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All Aboard The Monorail!

All Aboard The Monorail!

Monorail… Monorail… Monorail…”

That chant, a response to an out-of-town huckster selling a multimillion-dollar bogus monorail project to the townspeople of Springfield in the cartoon TV series The Simpsons, took on special meaning for me last month.

For the first time since it opened in 2005, I actually rode the Las Vegas Monorail. This raises a couple of questions:

1. Why did it take me so long to take advantage of this much-heralded civic accomplishment?

2. Will I ever do it again?

The answers to these questions are as follows:

1. I don’t like air travel.

2. Not if I was being chased by a gang of giant, knife-wielding mutant ape-men.

Here’s what happened. My wife and I were out for an evening on the Strip with a couple of good friends. We had just escaped from the Vinnie Favorito comedy show at the Flamingo with our dignity fairly intact (not an easy thing, as it turns out), when we decided to go down to the Wynn to give some of our gambling dollars to Mr. Steve.

Now, the journey from the Flamingo to the Wynn is definitely walkable-it’s about a mile down the Strip. Normally, that would take 15-20 minutes, assuming a few nimble maneuvers around the human scum who line the sidewalks shoving those naked-girlie cards in your face.

The ladies in our party, though, were wearing shoes with heels that pretty much became instruments of torture with extended walking. Standing there at the corner of Flamingo and Las Vegas Boulevard, we looked just across the street to Bally’s Las Vegas, where a promise of an easy journey beckoned: “Monorail Entrance.” Hey, why not? We scooted over Flamingo across the convenient overhead bridge and got on the super-easy moving walkway.

Now, all that was left was to follow the Monorail signs to begin our comfortable ride. We began what we expected to be an easy stroll.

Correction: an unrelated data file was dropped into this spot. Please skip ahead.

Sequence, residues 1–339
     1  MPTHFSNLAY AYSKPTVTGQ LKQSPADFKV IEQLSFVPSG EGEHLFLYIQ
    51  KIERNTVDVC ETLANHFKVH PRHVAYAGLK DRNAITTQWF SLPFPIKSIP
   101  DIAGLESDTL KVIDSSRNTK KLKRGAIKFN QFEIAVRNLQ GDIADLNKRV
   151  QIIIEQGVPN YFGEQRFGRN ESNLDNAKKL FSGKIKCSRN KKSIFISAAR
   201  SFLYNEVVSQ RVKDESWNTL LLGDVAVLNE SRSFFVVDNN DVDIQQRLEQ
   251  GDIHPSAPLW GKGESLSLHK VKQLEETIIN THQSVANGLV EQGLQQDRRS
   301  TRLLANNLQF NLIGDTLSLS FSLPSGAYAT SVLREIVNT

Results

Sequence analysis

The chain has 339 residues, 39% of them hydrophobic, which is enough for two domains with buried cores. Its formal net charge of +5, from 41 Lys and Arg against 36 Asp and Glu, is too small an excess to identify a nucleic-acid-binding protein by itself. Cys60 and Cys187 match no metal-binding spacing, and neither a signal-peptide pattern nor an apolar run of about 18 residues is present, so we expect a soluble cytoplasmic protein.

The stroll became a walk. The walk soon became an epic journey. We walked, and walked, and walked some more, all the while looking at the signs, which repeatedly mocked us with promises of “Monorail Entrance.” I could almost feel the swelling of the feet of our female companions as we walked, and walked, and walked.

“Monorail… Monorail… Monorail…”

After a period during which we surely could have walked to and from the Wynn-and knocked out a couple of girlie-card peddlers along the way-we finally reached the glorious Entrance to the Holy Monorail. Time to pay the fare-can’t be more than a couple of bucks, right?


Five bucks apiece to ride the damn thing. That’s right. Twenty bucks for the four of us. We almost could have grabbed a cab, had him wait at the Wynn, and then rode back to the Flamingo for that much. Oh, well, at least we were there, and now we could ride to the Wynn in comfort…

Ha-ha again! We watched the Wynn pass into the distance as we went to the stop it said had “access to Wynn.” We were greeted by a sign: “Shuttle to Wynn closed. Proceed to Harrah’s.” Turns out the last shuttle to the Wynn leaves the Convention Center stop at 8 p.m. It was around 9:30.

Eight o’clock? What is this, Mayberry?

So, it was back to Harrah’s, which is about a block from our original starting point. Then, it was time to walk again. And walk. And walk.

By the time we got inside Harrah’s-the feet of the women in our party approaching a horrific, elephantine state-we decided to just park our bottoms at our favorite games and give our gambling dollars to Mr. Harrah, or at least to Mr. Private-Equity Harrah’s Parent Company. (He’s an old pal of mine.)

We never did get to the Wynn that night, but we did learn a valuable lesson about the Las Vegas Monorail. As it says on the monorail’s website, it is “a quick and easy way to avoid traffic congestion,” and “cost-effective and hassle-free,” and “convenient,” and “reliable,” and “climate-controlled.”


OK, I’ll give it “climate-controlled.” However, if you decide to take the monorail less than two miles, here’s a clue: Get a cab. And, if you ever find yourself running from giant, knife-wielding mutant ape-men, just turn around and direct them to the monorail. Maybe they’ll get their pals Godzilla and Mothra and tear the cars from the track, all the while chanting…

“Monorail… Monorail… Monorail…”

Frank Legato is editor of Global Gaming Business magazine. He has been writing on gaming topics since 1984, when he launched and served as editor of Casino Gaming magazine. Legato, a nationally recognized expert on slot machines, has served as editor and reporter for a variety of gaming publications, including Public Gaming, IGWB, Casino Journal, Casino Player, Strictly Slots and Atlantic City Insider. He has an B.A. in journalism and an M.A. in communications from Duquesne University in Pittsburgh, PA. He is the author of the books, How To Win Millions Playing Slot Machines... Or Lose Trying, and Atlantic City: In Living Color.